Civil Liberties v Civil Rights civil liberties: Consitution's protection from gvnt power, meaning the gvnt may not take these freedoms away civil rights represent those protections by gvnt power, or things gvnt must secure on behalf of its citizens the difference: civil rights require gvnts to act, whereas civil liberties are well served when gvnt does nothing modern-day civil rights include more than civic rights of political expression and participation civil rights include safeguards against any effort by gvnt/dominant groups to subjugate another group civil rights include rights of individuals in their relations w/ one another Senate "Balance" (free v slave state) 1820 Missouri Compromise: Missouri could enter as a slave state, Maine as a free state; this maintained the balance in Senate between free/slave states South agreed to admit California as a free state and upset the balance in exchange for the Fugitive Slave Law: compelling northerners to honor southerner's property claims to slaves Constitutional Obstacles to Abolition public policy was left to state control, allowing slavery to flourish within the South African Americans faced 2 major obstacles in securing rights: 1. constitution reserves authority for states 2. constitution separates powers among 3 branches of gvnt Missouri Compromise 1819 Missouri petitioned Congress for admission as a slave state 1820 Missouri Compromise: Missouri could enter as a slave state, Maine as a free state; this maintained the balance in Senate between free/slave states the compromise was a political solution: neither side was too happy but it allowed agreement abolitionist movement reminded the nation of its hypocrisy in condoning slavery Wilmot Proviso Wilmot Proviso banned slavery in recently acquired territories Wilmot's proposal failed 1848 Free Soil Party: antislavery South agreed to admit California as a free state and upset the balance in exchange for the Fugitive Slave Law: compelling northerners to honor southerner's property claims to slaves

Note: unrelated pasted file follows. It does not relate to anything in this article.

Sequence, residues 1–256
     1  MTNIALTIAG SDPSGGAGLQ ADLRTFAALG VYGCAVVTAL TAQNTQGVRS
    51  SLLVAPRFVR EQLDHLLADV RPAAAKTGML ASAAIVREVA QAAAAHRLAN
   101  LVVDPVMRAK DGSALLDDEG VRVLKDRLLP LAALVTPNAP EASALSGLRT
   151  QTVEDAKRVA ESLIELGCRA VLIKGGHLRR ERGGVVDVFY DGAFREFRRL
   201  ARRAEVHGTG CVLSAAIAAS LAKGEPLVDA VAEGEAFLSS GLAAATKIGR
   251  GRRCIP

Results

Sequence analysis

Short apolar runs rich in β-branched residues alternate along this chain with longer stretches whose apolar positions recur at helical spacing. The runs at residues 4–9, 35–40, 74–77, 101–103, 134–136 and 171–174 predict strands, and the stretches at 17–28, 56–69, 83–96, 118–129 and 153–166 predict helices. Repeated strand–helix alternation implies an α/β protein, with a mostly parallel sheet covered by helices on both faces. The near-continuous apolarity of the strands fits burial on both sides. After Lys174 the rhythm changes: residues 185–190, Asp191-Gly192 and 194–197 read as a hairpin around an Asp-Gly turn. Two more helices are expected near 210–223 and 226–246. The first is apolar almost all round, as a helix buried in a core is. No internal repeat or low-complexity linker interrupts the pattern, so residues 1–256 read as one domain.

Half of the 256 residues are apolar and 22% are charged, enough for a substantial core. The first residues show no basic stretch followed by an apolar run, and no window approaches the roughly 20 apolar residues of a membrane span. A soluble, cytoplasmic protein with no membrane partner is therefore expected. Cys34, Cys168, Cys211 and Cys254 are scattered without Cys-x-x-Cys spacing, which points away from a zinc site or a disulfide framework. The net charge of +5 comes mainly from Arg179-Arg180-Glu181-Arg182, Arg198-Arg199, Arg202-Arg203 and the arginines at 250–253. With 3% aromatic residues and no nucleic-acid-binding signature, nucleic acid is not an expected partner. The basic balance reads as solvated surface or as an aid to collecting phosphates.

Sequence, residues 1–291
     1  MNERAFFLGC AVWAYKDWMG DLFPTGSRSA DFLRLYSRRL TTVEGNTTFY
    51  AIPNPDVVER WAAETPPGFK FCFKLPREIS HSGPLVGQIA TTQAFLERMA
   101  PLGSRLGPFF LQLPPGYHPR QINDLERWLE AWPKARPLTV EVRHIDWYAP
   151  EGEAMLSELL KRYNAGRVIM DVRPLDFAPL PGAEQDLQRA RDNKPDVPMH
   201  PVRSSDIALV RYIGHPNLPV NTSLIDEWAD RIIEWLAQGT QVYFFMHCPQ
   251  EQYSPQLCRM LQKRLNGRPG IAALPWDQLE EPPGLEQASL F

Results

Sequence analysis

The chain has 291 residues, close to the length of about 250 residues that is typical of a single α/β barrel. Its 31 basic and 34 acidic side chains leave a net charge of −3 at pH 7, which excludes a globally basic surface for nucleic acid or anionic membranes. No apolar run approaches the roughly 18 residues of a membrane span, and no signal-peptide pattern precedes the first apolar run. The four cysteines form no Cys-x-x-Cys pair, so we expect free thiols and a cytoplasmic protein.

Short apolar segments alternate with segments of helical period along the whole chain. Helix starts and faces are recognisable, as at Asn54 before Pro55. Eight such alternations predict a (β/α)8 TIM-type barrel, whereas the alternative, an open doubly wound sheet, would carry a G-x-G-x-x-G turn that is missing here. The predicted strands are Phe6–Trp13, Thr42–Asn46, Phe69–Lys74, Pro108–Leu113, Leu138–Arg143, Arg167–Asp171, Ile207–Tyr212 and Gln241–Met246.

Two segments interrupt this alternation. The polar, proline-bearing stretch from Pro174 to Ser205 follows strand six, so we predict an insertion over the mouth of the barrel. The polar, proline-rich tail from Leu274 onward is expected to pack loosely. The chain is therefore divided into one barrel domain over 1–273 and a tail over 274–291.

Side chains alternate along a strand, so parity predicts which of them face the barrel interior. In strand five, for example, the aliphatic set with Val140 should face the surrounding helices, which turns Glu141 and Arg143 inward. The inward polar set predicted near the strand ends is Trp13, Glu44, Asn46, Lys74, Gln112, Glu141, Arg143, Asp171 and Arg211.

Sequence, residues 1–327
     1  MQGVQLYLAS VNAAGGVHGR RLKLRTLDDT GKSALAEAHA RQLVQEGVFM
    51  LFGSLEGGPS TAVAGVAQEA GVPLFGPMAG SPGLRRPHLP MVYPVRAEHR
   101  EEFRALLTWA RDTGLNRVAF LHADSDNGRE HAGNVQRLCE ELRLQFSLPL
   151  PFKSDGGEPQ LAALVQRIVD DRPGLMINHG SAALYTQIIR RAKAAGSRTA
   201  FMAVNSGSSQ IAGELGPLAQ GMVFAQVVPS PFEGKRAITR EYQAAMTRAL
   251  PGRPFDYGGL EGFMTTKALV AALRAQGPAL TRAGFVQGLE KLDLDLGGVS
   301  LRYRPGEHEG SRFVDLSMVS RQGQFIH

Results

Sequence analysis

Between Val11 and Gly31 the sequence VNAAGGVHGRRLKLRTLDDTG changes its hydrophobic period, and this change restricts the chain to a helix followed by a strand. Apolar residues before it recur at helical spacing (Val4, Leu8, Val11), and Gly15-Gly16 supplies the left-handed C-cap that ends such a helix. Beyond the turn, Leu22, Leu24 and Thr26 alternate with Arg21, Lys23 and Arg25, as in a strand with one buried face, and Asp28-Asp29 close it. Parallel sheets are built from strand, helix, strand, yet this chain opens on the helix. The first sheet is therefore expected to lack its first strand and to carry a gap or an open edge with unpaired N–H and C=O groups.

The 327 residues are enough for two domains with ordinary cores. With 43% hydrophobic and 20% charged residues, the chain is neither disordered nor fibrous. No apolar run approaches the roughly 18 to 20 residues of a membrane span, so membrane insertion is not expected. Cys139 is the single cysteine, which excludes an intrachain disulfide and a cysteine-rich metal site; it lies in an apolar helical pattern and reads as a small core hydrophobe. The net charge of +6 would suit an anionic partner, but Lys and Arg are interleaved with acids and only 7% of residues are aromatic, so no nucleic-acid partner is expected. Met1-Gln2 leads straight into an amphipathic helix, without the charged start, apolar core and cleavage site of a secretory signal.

Compromise of 1850: allowed residents of territories to decide for themselves whether to apply for statehood as a slave or free state Compromise of 1850 Compromise of 1850: allowed residents of territories to decide for themselves whether to apply for statehood as a slave or free state Free Soil by 1848 Wilmot's allies joined teh abolitionists in the new antislavery Free Soil Party free soil party won 10% of national popular vote 6 years later: free soil party joined republican party Abolitionism abolitionist movement reminded the nation of its hypocrisy in condoning slavery antebellum/during civil war: persistent abolitonsistm movement forced shift from life/liberty rights to full citizenship Dred Scott Case 1857 Supreme Court decided in Dred Scott v Sandford that the fed gvnt could not prevent slavery in territories and that African Americans were not citizens Prez Jackson appointed Roger B. Taney as new Chief Justice (Marshall died in 1835) Jackson liked Taney b/c of his advocacy of states' rights 1857 Dred Scott v Sandford Taney: African Americans are not citizens, escaped slaves had to be returned to their owners, fed laws outlawing slavery north of line set by Missouri Compromise unconstitutionally infringed on settlers' territorial rights to self-gvnt/private property 14th amendment: Congress's way of invalidating the Court's decision in Dred Scott 14th Amendment granted citizenship (14th amendment) 14th amendment: no state will deprive any person of life, liberty, or property w/out due process nor deny any person equal protection of laws section 2 of 14th amendment: if a state fails to allow black males to vote in fed/state elections, the number of seats allocated to it will be reduced proportionately 14th amendment: Congress's way of invalidating the Court's decision in Dred Scott Congress made readmission to the Union contingent on a state's ratification of 14th amendment the Supreme Court interpreted the 14th amendment to mean only that states could not abridge privileges of the constitution civil liberties protections: Bill of Rights, 14th amendment, Supreme Court applies 14th amendment to states irony: the 14th amendment failed to achieve its immediate objective of protecting slaves, a century later, it extended the rights/liberties of all citizens in direction unimaginable to its authors 15th Amendment guaranteed the right to vote 15th amendment: right of citizens of the US to vote shall not be denied by the US or by any state on account of race, color or previous condition of servitude 15th amendment: granted former slaves the right to vote only 2 times of success for fighting against discrimination: 1. Reconstruction after Civil War 2. 1960's attack on segregation Black Codes